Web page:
JACQUES: I’ve always loved you!
IRENE: That’s not my fault.
—Edouard Bordet, THE CAPTIVE.
Philadelphia Artists Collective’s productions have been among the highlights of last few Fringe Festivals. They consistently adapt lesser-known classic gems into engaging, contemporarily relevant pieces. In Edouard Bordet’s THE CAPTIVE, young society lady Irene (Rachel Brodeur) convinces her lifelong friend Jacques (Chase Byrd) to fake an engagement so she can remain in Paris when her emotionally distant father (John Lopes) takes a foreign post. Although it has lost the shock value (lesbianism!) it had upon its 1920s premiere, it is easy to see why director Dan Hodge and company were attracted to this forgotten play: Jacques is in love with Irene. Irene loves Jacques but she cannot be in love with him. Francoise (Felicia Leicht) loves the unavailable Jacques. This story will always be familiar.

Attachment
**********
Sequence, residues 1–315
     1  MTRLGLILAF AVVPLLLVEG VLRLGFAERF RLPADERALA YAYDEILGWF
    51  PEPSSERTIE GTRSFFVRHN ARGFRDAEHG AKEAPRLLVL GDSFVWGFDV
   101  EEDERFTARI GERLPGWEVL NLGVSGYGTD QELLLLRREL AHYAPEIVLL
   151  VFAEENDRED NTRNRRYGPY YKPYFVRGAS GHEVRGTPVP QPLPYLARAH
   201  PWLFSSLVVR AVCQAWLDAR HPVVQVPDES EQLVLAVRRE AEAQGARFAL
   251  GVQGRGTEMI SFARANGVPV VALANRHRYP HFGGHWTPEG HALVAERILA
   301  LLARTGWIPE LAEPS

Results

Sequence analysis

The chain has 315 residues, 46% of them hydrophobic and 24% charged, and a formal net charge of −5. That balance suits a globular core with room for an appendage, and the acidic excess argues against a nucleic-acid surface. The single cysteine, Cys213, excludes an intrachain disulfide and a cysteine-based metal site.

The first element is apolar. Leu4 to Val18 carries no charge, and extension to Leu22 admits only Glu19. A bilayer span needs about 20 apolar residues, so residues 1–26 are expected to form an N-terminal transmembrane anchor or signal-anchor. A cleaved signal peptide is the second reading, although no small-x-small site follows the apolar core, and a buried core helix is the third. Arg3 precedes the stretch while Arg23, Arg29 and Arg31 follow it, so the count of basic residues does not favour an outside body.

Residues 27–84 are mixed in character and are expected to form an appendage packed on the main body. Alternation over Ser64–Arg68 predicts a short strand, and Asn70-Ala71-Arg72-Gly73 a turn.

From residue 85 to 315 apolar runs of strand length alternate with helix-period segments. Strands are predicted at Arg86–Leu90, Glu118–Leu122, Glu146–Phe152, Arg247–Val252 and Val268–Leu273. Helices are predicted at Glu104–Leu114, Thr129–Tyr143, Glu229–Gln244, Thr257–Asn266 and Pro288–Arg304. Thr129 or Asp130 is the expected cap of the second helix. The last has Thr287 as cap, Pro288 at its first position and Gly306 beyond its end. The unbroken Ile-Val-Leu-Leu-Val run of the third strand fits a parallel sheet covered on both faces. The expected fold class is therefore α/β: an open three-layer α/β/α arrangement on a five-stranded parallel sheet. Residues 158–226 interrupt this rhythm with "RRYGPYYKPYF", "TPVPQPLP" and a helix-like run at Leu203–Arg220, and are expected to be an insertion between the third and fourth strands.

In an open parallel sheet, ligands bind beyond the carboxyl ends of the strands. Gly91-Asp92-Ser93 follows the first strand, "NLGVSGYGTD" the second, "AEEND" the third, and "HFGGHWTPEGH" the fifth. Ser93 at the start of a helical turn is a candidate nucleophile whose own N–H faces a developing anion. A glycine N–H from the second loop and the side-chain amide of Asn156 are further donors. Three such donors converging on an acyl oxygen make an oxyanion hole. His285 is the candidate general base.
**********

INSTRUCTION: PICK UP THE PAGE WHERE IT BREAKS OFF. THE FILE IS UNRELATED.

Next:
It is perhaps more familiar than the actors realize. The production takes place in the stately rooms of colonial Physick House in Society Hill. The period paintings and furnishings are tasteful, elegant, and admirable. But despite showing artistic beauty and enduring humanity, they are leftovers from a lost world. Likewise, Hodge and his cast present THE CAPTIVE with affected formal mannerisms, creating unnecessary emotional distance within the intimate space. The story captivates, and the actors overcome the formality in moments of gripping pathos (Byrd and Brodeur have some engrossing spar sessions; Alex Boyle delights as Irene’s bubbling younger sister), but THE CAPTIVE never rises above a pleasant period piece. [Physick House, 321 S. 4th Street] September 1-20, 2015; fringearts.com/the-captive.